New research backs claims that nature can be a form of mental health therapy

The new findings suggest that doctors could prescribe nature as therapy.


Researchers from the University of Essex showed new analysis displaying that wildlife volunteers benefit from a boost in mental health, backing claims that nature could be prescribed as a form of therapy.

The research tracked volunteers across England who join projects of the Wildlife Trusts. The researchers found that half of the people who said to have had a low mental wellbeing improved in 12 weeks of being exposed to nature.

“Getting out in nature makes me feel like I’ve been born again,” said one participant. “It has stopped me living under a duvet all day,” said another participant.

Dominic Higgins from the Wildlife Trusts says: “The evidence is loud and clear – volunteering in wild places while being supported by Wildlife Trust staff has a clear impact on people’s health.”

“It makes people feel better, happier and more connected to other people. The Department of Health should take note – our findings could help reduce the current burden on the NHS because they illustrate a new model of caring for people that does not rely solely on medication and traditional services,” he adds.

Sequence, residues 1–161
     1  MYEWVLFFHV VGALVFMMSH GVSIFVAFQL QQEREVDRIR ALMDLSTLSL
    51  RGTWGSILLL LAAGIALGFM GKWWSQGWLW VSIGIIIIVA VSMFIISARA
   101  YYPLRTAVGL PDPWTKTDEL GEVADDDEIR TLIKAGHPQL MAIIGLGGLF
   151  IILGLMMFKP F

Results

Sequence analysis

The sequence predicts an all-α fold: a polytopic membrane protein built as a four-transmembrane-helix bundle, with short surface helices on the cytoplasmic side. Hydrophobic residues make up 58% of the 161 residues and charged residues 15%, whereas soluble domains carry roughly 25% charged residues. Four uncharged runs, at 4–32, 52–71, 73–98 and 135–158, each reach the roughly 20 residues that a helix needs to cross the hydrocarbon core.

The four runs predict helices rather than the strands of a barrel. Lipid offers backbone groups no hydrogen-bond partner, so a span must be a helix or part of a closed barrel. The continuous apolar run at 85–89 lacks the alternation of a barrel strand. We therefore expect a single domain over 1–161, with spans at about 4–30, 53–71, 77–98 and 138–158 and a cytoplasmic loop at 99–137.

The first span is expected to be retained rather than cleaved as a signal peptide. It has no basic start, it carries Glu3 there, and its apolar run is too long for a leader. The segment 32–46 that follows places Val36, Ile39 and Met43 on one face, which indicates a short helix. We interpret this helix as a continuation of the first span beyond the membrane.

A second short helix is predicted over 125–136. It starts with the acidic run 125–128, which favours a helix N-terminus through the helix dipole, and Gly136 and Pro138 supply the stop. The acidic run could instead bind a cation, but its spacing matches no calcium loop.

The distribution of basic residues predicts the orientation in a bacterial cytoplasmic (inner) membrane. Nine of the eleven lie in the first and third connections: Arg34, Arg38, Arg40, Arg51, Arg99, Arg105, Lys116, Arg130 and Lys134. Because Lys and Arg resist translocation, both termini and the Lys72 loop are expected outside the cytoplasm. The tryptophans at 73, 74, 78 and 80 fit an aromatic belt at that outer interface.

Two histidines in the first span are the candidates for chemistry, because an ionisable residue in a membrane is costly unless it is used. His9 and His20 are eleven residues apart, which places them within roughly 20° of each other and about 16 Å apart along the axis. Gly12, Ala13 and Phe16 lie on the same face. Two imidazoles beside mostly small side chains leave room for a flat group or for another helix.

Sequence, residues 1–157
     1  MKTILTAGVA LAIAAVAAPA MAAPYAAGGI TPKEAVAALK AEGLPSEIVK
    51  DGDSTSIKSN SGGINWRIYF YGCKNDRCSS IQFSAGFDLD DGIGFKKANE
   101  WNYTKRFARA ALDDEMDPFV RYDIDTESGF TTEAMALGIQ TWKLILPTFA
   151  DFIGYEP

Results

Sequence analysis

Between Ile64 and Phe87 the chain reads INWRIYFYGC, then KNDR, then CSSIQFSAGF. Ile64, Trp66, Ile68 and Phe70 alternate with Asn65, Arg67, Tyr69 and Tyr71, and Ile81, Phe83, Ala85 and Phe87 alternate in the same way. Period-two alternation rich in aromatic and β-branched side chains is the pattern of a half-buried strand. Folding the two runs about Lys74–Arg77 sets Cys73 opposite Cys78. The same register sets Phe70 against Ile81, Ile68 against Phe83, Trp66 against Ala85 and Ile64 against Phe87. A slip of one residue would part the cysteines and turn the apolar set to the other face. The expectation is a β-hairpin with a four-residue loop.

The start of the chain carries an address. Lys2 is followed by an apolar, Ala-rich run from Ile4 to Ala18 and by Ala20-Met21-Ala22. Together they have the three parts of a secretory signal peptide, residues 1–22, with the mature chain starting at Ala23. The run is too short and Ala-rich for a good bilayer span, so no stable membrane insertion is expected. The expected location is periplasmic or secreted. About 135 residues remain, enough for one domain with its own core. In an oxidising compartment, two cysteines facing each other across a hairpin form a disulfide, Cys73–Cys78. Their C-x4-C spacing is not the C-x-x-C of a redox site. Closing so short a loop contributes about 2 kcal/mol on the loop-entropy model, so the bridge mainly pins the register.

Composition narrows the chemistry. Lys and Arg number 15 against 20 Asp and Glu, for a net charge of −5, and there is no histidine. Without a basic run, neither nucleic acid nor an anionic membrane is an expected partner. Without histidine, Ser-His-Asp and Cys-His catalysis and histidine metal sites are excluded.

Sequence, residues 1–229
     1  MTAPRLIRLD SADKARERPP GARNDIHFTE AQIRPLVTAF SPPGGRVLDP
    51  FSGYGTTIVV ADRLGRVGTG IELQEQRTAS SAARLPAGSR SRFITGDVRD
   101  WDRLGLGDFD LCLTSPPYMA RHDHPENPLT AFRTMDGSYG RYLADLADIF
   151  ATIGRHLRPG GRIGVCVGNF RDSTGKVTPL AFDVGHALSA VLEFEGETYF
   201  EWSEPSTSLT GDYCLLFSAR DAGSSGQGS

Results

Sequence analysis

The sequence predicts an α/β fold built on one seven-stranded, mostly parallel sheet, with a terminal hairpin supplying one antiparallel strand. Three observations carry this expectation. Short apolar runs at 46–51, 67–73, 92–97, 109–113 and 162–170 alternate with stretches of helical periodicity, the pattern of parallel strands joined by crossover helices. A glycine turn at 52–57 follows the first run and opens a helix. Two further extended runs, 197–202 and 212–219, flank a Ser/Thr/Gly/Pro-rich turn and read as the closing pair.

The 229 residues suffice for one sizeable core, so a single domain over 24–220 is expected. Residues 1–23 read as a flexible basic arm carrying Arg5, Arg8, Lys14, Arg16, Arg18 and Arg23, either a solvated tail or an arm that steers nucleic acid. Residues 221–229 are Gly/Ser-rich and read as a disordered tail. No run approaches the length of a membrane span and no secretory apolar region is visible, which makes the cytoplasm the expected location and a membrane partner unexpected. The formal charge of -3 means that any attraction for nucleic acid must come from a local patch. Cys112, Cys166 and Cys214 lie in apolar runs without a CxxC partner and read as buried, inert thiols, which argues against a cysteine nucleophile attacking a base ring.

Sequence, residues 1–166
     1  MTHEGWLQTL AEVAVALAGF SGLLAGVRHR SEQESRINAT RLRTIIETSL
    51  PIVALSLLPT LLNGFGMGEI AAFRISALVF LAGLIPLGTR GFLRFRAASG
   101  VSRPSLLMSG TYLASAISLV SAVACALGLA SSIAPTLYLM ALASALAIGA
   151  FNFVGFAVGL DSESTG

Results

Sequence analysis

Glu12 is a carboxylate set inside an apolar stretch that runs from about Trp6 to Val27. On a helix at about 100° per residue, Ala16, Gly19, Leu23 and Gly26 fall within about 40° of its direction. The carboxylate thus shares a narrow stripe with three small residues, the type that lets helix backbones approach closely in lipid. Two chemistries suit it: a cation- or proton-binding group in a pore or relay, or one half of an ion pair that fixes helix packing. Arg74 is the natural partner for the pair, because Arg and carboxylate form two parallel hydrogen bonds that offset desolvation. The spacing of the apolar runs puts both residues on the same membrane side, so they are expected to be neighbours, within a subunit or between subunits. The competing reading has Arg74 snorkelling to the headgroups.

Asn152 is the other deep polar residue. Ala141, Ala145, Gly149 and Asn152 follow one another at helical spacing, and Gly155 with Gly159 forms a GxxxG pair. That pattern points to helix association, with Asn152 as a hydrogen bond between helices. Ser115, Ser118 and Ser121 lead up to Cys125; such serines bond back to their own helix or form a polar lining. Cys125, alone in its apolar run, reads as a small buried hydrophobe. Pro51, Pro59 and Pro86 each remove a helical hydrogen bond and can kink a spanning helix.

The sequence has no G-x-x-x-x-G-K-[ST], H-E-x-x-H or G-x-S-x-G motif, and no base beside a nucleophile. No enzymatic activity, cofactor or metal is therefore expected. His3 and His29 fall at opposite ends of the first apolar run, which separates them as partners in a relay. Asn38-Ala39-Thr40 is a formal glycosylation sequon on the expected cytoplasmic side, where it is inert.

University of Essex’s Mike Rogerson, who led this new research, says: “At a time when we are losing count of the crises in local- and national-level health, engagement with these volunteering activities can provide a much-needed antidote for individuals, local areas, and the UK as a whole.”

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